The current evidence suggests the infectious period may begin approximately 2 days before symptoms appear. People are most infectious during the symptomatic period, even if symptoms are mild or non-specific (hence the recommendation to pre-screen before visiting the clinic).
If someone who visited the clinic subsequently experiences symptoms within 2 days of their visit, or if you have worked with a member of staff/ therapist who develops symptoms, we advise the following:
For anyone that has been in direct contact with the patient/ member of staff: i.e. within two metres for 15 minutes or more, or within one metre for any amount of time:
If you are wearing PPE in line with your current governing body guidance, then you do not have to self-isolate.
If you subsequently experience symptoms of COVID-19 we recommend you seek testing:
- If you test negative, you may return to work.
- If you test positive, you will need to self-isolate and then follow government guidance on the return to work.
For anyone that has had indirect contact with the client during their visit to the clinic or with the member of staff showing symptoms:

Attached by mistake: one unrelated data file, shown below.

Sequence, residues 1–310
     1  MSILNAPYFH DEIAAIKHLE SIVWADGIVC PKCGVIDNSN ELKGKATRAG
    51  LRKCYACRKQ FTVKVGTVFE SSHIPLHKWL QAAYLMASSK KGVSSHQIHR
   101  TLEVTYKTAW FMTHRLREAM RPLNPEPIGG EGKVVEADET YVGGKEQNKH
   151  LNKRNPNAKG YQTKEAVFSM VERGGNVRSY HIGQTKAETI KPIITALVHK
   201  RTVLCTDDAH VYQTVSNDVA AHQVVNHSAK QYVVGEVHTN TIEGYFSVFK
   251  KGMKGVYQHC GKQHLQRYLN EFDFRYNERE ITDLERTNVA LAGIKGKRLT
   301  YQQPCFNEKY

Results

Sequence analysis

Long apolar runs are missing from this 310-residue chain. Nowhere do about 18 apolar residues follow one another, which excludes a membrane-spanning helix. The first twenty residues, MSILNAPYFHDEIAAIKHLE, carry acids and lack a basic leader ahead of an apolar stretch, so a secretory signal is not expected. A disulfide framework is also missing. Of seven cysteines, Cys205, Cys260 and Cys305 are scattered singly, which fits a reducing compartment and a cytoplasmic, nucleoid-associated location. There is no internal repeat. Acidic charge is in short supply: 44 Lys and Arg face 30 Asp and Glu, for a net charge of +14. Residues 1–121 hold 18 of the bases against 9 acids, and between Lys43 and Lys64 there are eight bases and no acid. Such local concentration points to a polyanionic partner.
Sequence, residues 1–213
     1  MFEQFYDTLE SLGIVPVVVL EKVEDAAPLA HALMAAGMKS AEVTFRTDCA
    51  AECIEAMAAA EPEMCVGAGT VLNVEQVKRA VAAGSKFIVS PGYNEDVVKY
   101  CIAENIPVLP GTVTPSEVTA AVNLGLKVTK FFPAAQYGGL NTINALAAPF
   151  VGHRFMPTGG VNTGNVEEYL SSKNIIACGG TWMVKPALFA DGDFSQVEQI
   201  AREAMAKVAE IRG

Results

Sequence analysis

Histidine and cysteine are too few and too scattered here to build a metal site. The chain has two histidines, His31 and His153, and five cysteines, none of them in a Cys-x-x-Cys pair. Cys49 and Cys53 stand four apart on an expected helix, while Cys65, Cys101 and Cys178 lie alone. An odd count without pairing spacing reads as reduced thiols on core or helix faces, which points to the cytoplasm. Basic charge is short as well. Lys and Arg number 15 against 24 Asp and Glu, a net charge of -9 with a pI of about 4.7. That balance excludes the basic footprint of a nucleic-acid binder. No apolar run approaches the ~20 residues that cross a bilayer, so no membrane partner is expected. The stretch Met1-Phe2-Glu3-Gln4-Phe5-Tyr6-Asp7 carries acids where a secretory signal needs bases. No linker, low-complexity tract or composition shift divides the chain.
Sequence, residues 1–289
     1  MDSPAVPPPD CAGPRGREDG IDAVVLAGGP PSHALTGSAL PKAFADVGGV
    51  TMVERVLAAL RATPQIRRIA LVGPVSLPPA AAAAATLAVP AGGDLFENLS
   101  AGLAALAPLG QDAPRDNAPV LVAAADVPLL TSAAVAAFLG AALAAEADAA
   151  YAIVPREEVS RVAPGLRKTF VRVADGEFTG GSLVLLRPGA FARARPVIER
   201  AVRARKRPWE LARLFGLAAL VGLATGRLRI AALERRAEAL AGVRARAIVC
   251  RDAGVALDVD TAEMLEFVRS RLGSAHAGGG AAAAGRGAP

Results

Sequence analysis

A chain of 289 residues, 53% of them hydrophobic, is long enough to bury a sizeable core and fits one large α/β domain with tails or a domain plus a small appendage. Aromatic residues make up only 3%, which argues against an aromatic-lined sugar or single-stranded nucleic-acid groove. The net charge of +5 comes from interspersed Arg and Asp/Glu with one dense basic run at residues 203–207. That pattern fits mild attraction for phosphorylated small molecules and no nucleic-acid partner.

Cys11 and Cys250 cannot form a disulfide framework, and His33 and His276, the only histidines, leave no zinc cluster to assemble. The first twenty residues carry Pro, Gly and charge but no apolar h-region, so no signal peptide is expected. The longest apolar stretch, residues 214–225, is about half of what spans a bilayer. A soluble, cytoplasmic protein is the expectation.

This can include other practitioners, reception staff, or other clients in the clinic at that time. They will be advised of the situation so that they can monitor for symptoms. They do not need to self-isolate.
For clinic staff who subsequently experience symptoms, they should self-isolate as per government guidance and seek testing. If tested, the result of their test will determine if they need to self-isolate or if they can return to work, as per the guidance on return to work.
For clients that have been seen by the treating practitioner during the period between seeing the suspected case and it being reported to the clinic:
If the practitioner who has been in direct contact has been wearing PPE in line with your governing body guidance, there is no requirement to inform clients that have been seen by the treating practitioner in the 2 days since seeing the initial client. However, as a courtesy you may wish to inform clients that you have seen someone who has subsequently experienced symptoms – even if the risk of infection is very small – as the vulnerability of the client and their close relatives may be an important factor for the client to consider.
This guidance may be subject to change in accordance with updated government guidelines.
Date of issue: 12th June 2020.